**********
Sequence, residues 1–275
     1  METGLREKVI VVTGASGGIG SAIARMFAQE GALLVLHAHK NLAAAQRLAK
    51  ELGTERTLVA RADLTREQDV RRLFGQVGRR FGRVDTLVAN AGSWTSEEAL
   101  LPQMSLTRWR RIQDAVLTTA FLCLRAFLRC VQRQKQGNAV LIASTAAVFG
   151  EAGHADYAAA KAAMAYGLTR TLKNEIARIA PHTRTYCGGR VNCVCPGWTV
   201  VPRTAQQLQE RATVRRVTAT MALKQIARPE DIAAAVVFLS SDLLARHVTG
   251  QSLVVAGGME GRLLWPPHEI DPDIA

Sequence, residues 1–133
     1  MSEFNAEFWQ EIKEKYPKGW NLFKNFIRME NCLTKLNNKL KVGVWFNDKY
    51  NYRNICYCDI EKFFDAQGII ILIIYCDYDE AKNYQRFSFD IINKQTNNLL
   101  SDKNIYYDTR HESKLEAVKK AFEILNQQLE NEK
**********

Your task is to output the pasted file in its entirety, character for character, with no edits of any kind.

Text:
Sequence, residues 1–275
     1  METGLREKVI VVTGASGGIG SAIARMFAQE GALLVLHAHK NLAAAQRLAK
    51  ELGTERTLVA RADLTREQDV RRLFGQVGRR FGRVDTLVAN AGSWTSEEAL
   101  LPQMSLTRWR RIQDAVLTTA FLCLRAFLRC VQRQKQGNAV LIASTAAVFG
   151  EAGHADYAAA KAAMAYGLTR TLKNEIARIA PHTRTYCGGR VNCVCPGWTV
   201  VPRTAQQLQE RATVRRVTAT MALKQIARPE DIAAAVVFLS SDLLARHVTG
   251  QSLVVAGGME GRLLWPPHEI DPDIA

Sequence, residues 1–133
     1  MSEFNAEFWQ EIKEKYPKGW NLFKNFIRME NCLTKLNNKL KVGVWFNDKY
    51  NYRNICYCDI EKFFDAQGII ILIIYCDYDE AKNYQRFSFD IINKQTNNLL
   101  SDKNIYYDTR HESKLEAVKK AFEILNQQLE NEK